HURT: Port Stephens Koalas carer Sue Swain tending to Sooty's burned paws. Sootie was rescued from the Hillville area, which was affected by fire. He was one of three koalas affected by the Taree fires to come into the care of PSK last week. Picture: Ellie-Marie Watts

"It's absolutely devastating," Ms Swain said of the koala deaths. "There's not enough crying in the world I can do about it but crying isn't going to fix it. All we can do now is our best for these poor creatures."

Mr Land said a group of 20 Tomaree High School students currently undertaking work experience with PSK were a "godsend" at such a busy time.

The students have received more hands-on training in the past two weeks to help out at the Port Stephens Koala Sanctuary at One Mile where 12 koalas currently reside. The remaining eight are in intensive care at the homes of carers.

As well as helping to feed koalas and maintain enclosures at the sanctuary, the students have prepared basket cots for the creatures in care.

"Having them here helping us means that our carers, many who have been doing double shifts to look after all the koalas we have at the moment, can take a break," Mr Land said.

"We're already seeing the benefit to this program with having them here at such a busy time.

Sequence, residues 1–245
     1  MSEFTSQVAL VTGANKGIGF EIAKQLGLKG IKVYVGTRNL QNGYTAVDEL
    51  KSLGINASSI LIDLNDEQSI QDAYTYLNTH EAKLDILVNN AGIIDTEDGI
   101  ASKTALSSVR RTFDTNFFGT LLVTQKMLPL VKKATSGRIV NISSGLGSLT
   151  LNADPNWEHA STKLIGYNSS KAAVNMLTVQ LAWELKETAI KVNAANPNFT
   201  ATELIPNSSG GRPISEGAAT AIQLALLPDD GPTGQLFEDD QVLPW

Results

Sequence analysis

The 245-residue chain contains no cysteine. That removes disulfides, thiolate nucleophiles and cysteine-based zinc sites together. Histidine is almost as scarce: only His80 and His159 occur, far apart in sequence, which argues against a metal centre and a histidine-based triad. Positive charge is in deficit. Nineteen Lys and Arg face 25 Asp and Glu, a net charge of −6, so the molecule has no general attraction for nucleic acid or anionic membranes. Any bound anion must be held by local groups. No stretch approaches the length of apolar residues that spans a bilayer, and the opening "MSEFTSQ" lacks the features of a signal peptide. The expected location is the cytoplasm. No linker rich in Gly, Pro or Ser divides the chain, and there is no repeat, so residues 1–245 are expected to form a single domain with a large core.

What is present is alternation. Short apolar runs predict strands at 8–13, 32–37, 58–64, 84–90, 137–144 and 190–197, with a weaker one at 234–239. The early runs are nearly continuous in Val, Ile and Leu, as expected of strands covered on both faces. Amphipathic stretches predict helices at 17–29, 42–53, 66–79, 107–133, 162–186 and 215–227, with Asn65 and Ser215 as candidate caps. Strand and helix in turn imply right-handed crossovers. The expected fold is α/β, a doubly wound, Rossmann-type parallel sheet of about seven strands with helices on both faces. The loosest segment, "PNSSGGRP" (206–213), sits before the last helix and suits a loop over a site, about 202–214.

Tomaree High School work experience students preparing baskets for the koalas. Picture: Ron Land/Port Stephens Koalas

Tomaree High School work experience students preparing baskets for the koalas. Picture: Ron Land/Port Stephens Koalas

"The short term benefits of this work experience program is that the carers can have a breather and the long-term benefit is that these kids are being exposed to the best and worst of the koala world and, if they want, can volunteer once the program is over.

"We're also seeing the benefit of this facility [sanctuary]. Without this facility, many of the koalas we currently have wouldn't have survived.

"Another reason why this [koala] hospital is so desperately needed is times like this, when we have so many koalas needing care. When the hospital is up and running we'll be able to do more."

  • To donate to Port Stephens Koalas visit portstephenskoalas.com.au/donate
  • If you see a koala in need of rescuing, phone Port Stephens Koalas' 24-hour rescue line: 1800 775 625